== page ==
The wallpaper uses maps and infographics to chart changing populations, and how land management practices have impacted on wildlife species and local extinctions as the areas of woodland, wetland and farmland evolved.

It also presents a future vision for 2070, showing what WildEast believes can be achieved through a combination of factors including sustainable farming methods, rewilding and reconnecting habitats.

It is the product of 18 months of work by Jane Fitzgerald White, a chartered landscape architect who chose to pledge her time and expertise to the WildEast cause.

She said: "This is an artistic representation of 17,000 years of human history, from the perspective of East Anglia, looking at human activities associated with land management but also agricultural practices, and illustrating the impact these have made on nature, wildlife and soils.

"As a landscape architect one of things that drives me is to make space for nature in all the work I do, so there was something about WildEast that really captured my imagination.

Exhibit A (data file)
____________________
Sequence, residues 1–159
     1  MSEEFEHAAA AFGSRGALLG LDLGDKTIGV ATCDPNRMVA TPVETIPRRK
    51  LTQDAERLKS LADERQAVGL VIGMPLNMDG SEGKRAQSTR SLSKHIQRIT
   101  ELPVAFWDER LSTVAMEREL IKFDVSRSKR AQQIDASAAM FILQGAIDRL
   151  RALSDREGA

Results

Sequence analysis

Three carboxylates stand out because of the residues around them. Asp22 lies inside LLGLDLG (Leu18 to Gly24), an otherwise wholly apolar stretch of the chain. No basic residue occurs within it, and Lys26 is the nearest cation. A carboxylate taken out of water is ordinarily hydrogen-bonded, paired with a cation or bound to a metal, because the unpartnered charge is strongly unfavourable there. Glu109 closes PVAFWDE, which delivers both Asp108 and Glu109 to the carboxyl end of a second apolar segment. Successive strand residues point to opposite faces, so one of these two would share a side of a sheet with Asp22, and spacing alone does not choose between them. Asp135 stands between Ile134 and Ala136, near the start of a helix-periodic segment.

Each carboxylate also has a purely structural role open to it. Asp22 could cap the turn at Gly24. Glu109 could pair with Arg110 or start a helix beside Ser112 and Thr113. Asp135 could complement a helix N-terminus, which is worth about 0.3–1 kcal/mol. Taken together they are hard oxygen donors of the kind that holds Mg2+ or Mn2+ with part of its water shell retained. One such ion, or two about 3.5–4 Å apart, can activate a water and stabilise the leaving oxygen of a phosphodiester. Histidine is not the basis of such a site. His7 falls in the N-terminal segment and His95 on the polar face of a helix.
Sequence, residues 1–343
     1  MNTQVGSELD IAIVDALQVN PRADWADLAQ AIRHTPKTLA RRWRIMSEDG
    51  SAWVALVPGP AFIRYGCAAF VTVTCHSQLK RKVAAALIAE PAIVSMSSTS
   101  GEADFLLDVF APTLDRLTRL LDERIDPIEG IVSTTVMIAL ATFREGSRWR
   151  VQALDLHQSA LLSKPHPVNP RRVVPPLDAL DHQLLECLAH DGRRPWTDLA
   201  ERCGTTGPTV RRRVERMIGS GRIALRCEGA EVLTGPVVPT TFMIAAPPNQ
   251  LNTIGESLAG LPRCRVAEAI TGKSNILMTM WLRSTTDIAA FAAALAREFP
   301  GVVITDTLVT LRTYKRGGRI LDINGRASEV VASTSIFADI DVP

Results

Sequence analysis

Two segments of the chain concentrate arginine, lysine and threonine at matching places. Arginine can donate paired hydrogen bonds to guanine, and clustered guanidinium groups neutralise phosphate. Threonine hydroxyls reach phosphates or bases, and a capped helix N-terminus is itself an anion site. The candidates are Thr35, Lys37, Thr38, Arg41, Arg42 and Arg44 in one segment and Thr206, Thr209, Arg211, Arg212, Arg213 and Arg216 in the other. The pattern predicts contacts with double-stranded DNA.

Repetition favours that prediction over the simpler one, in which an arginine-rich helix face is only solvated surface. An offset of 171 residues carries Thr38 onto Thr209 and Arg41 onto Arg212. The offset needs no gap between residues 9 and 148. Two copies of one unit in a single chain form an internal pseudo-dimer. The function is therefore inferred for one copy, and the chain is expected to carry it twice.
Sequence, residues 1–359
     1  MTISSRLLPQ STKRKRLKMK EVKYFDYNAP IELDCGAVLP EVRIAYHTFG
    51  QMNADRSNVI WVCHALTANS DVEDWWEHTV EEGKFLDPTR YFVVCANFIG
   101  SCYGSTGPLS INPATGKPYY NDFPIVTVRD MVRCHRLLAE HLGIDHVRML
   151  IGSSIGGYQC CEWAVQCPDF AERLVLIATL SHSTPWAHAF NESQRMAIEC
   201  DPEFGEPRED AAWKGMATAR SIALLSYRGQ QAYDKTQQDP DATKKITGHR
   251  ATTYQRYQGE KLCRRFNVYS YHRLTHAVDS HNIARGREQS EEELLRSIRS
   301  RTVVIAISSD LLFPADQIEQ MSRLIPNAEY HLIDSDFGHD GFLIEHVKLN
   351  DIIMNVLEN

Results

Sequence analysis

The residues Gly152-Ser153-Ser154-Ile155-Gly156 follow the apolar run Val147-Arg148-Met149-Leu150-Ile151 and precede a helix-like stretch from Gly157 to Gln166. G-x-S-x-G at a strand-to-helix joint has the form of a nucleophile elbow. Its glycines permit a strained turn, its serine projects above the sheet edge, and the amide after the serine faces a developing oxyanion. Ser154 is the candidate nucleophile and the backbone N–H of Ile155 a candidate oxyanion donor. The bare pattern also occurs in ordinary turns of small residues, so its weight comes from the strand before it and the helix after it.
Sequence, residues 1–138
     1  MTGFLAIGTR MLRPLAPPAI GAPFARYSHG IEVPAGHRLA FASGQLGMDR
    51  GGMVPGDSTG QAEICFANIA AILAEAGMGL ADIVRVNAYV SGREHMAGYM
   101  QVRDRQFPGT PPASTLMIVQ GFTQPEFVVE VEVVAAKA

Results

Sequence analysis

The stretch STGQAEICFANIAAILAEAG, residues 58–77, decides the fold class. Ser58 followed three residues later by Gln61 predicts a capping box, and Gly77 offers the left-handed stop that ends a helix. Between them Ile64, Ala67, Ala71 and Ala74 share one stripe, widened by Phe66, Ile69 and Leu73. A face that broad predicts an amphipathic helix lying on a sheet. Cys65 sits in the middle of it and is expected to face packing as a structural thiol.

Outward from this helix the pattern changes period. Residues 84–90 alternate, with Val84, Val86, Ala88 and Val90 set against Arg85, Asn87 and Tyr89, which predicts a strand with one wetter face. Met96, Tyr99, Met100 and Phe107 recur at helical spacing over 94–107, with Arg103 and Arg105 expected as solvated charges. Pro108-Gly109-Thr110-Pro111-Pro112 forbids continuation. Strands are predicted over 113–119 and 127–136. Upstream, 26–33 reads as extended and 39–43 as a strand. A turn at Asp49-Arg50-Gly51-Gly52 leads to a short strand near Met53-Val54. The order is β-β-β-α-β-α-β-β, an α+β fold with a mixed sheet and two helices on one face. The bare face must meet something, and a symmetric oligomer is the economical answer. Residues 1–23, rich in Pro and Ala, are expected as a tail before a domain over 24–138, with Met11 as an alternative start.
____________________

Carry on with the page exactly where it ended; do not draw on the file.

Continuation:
"With this, there is a chance to make a real difference because of the scale of it, and it is democratic - not just aimed at farmers and landowners, but all parts of the community can take part.

"I am also really interested in attracting the younger generation. That is how we start to change things."

WildEast hopes to encourage schools and nature groups from across the region to use the classroom, allied to the natural educational opportunities within the wilder areas of the Fritton Lake resort.